Mike & The Ravens – No Place For Pretty (2009)

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by Pico

You know, it’s funny how making a record can be so quickly habit-forming for some. Here we have the early sixties regional garage band Mike And the Ravens who make a proper debut album about 48 years after they had formed. That’s right, folks, as in a few years short of half a century. And as we noted in August of last year, Noisy Boys! The Saxony Sessions didn’t disappoint, delivering an album that literally screamed youth from a bunch of hearty, social security check-collecting old farts. Fast forward to today, less than 13 months later after the release of that long-awaited record, and we are already witnessing the arrival of their follow-up.

Not that even a year was needed to tape this platter. No Place For Pretty, as album #2 is called, is as rough and ready as #1, and with the old fashioned, unvarnished approach to recording that these ol’ boys favor, there wasn’t going to be a lot of hassling with the finer points of 21st century production techniques. As before, lead guitarist Bo Bladgett, rhythm guitarist/organist Steve Blodgett, bassist Brian Lyford and drummer Peter Young laid down the instrumental beds live in the studio directly to 16 track one inch analog tape. Lead vocalist Mike Brassard came in the studio the following month and with the backing singing help of his bandmates, laid down the vocal tracks.

Truth is, the follow-up came so quickly because of cancelled plans to tour behind Noisy Boys due to effects of some neurological damage Brassard has suffered that left the left side of his face paralyzed. He has been bravely confronting this condition triggered by the sudden loss of a good friend a few years back and has doggedly fought long odds to just talk without a slur again, much less sing. His tale of persistence and perseverance could make a compelling topic all its own, but one of the most compelling things about it is the continued revival of the band that contains his name.

So, Brassard wasn’t ready for the rigors of touring but had regained and retained the ability belt ’em out in the studio. Furthermore, the guys still had a stash of old songs ready to put to tape, as well as a batch of news ones cooked up by Steve Blodgett, and just like that, the Ravens were back in business. Within this pretty narrow genre, the Raven still manage to give each song its own colorful character, and No Place For Pretty doesn’t suffer from the sophomore curse of running short of the abundance of ideas an act puts out on their first record.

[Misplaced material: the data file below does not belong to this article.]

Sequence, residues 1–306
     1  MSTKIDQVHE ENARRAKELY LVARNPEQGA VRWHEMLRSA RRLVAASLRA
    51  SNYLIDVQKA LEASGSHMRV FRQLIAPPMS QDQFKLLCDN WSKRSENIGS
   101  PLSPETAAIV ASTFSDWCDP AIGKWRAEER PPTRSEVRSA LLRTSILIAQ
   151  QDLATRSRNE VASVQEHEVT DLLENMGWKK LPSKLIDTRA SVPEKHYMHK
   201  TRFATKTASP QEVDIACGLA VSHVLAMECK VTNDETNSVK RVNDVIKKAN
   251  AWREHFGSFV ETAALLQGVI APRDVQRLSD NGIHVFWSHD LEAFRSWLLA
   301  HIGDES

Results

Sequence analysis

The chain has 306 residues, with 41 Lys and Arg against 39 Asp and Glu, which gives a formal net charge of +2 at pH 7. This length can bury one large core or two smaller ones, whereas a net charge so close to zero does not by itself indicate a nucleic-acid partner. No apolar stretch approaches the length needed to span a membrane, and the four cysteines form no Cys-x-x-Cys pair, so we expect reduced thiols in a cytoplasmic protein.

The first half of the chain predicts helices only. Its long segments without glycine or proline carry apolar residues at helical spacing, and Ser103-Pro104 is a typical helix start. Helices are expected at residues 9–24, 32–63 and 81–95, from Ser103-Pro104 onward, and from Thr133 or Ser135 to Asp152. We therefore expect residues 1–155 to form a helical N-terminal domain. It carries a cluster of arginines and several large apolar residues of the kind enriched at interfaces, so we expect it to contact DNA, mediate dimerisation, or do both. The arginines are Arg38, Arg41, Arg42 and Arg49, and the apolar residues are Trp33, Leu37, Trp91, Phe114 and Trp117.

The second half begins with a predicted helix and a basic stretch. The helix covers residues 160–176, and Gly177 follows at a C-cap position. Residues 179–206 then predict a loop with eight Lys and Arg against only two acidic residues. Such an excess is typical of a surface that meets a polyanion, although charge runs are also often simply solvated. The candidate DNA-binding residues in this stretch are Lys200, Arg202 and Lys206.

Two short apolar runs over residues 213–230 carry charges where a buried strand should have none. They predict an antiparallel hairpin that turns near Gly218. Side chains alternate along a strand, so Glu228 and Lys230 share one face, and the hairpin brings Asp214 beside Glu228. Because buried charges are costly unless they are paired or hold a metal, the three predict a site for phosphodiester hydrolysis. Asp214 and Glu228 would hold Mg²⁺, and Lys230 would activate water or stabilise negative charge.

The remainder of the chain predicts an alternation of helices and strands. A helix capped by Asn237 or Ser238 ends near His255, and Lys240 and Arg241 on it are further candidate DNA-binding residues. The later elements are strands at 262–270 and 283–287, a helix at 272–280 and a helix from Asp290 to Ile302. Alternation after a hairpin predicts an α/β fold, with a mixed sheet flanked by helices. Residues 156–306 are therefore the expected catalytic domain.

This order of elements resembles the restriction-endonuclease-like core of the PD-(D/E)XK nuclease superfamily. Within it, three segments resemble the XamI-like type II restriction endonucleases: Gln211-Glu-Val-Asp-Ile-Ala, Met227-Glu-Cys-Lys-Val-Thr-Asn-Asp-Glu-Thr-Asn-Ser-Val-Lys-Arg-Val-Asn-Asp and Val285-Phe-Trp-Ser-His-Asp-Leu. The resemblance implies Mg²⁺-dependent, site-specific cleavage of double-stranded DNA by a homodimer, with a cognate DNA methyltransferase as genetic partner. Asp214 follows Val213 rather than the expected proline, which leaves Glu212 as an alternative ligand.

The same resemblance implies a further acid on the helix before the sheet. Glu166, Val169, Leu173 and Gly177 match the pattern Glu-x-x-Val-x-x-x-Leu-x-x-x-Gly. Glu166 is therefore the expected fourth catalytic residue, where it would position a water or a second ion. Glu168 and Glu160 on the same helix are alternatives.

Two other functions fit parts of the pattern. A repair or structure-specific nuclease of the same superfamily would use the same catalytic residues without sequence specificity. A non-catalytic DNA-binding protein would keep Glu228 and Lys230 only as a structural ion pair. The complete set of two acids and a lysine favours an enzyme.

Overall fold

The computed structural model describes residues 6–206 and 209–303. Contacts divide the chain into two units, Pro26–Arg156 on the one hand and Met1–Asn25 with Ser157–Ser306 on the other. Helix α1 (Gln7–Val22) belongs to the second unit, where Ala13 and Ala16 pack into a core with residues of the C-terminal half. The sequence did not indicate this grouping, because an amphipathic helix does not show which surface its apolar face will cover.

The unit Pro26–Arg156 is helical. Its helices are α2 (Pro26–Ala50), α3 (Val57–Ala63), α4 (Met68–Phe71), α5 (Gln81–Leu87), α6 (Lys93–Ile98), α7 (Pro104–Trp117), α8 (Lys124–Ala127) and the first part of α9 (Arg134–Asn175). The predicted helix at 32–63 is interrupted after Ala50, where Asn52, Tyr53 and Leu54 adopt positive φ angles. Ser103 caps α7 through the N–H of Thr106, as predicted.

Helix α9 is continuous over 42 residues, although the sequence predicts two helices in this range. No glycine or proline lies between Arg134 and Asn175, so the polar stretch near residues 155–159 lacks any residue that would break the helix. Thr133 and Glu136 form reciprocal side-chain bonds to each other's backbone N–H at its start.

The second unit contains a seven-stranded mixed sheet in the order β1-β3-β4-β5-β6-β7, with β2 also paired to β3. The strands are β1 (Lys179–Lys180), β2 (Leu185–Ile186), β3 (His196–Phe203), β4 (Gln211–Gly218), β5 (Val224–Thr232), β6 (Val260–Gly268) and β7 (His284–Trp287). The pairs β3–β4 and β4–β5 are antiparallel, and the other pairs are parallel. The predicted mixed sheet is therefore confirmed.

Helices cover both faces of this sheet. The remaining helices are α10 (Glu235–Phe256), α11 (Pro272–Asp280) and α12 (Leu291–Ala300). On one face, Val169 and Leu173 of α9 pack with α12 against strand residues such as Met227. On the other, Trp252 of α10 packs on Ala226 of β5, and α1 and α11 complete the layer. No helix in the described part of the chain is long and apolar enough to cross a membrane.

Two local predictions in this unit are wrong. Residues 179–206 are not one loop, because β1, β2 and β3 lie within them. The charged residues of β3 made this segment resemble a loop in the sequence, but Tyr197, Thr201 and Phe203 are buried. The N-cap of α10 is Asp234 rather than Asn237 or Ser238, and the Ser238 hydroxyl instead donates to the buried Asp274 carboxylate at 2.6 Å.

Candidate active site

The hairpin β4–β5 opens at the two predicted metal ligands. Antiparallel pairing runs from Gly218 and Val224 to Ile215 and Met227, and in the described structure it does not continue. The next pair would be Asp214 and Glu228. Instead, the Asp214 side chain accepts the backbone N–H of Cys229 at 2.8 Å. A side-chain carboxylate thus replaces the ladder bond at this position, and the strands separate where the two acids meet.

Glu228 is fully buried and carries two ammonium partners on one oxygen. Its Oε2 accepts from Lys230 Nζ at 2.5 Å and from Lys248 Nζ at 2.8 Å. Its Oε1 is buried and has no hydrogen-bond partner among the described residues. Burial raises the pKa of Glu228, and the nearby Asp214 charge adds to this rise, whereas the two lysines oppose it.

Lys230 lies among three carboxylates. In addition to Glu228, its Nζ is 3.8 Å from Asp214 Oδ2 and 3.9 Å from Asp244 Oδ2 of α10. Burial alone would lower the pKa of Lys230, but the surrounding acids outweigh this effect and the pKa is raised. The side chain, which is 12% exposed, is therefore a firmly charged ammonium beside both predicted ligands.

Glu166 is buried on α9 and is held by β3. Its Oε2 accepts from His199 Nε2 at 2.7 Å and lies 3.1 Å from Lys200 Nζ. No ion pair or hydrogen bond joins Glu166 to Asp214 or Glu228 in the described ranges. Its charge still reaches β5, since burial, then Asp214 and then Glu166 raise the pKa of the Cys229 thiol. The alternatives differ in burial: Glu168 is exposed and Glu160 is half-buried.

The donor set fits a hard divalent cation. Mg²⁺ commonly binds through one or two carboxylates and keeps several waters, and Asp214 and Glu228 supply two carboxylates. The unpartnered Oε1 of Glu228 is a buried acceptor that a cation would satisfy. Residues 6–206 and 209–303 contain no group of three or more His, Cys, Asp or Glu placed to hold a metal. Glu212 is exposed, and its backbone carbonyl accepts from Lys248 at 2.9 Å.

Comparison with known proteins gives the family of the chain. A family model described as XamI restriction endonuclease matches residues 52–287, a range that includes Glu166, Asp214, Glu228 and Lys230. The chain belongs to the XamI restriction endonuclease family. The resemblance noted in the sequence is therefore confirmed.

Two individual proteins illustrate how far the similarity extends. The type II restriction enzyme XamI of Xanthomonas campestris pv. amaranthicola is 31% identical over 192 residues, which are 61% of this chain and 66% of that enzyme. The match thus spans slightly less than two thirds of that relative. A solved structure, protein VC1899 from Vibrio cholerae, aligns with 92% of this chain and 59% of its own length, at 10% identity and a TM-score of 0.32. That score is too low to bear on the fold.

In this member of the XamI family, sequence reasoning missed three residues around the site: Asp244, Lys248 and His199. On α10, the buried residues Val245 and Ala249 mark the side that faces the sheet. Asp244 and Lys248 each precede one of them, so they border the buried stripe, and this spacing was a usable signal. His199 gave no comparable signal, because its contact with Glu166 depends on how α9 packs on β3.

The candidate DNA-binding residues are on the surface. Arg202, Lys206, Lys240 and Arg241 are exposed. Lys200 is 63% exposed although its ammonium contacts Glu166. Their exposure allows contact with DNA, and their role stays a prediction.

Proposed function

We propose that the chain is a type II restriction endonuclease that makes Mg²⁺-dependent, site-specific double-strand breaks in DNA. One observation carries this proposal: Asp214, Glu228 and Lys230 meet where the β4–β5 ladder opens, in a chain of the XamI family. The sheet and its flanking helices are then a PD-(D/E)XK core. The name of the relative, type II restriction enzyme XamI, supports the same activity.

“Keys To The Car” has a popping baseline and a classic sixties rock guitar lead, but Brassard’s Kim Wilson vocal stylings and the street tough vibe still recalls The Fabulous Thunderbirds, even though it’s not blues. The stomping “One Of These Days” grabs your attention with the call-and-response chants between Brassard and the rest of the band.

“Riptide” is a surf rock instrumental written by Bo Blodgett that’s modeled after the surf music the Ravens dug when they were doing club dates around upstate New York in the early sixties. Here, Blodgett channels Link Wray just like he probably did back then. For “Broken Boy,” Blodgett puts a violin bow to his guitar that emits a harrowing sound. “Steelhead” is heavy on the fuzz guitar and hard on the jungle beat. “Sister Raeven” with its catchy melody and Johnny Cash shuffle makes this the best track of the batch.

I don’t have the official running time of this CD, but with ten songs and most of them running at three minutes or less, it can’t be much more than half an hour. That’s a mite short by today’s standards. I already know what the Ravens would say to that, though: they don’t give a rat’s behind about today’s standards. No Place For Pretty serves just fine as a second reminder about the concession-free energy of frat rock delivered by the genuine article. This one’s just a smidgen tamer than Noisy Boys but Mike And The Ravens are still guzzling from the fountain of youth.

S. Victor Aaron

S. Victor Aaron

S. Victor Aaron is an SQL demon for a Fortune 100 company by day, music opinion-maker at night. His musings are strewn out across the interwebs on jazz.com, AllAboutJazz.com, a football discussion board and some inchoate customer reviews of records from the late 1990s on Amazon under a pseudonym that will never be revealed. E-mail him at svaaron@somethingelsereviews .com or follow him on Twitter at https://twitter.com/SVictorAaron
S. Victor Aaron

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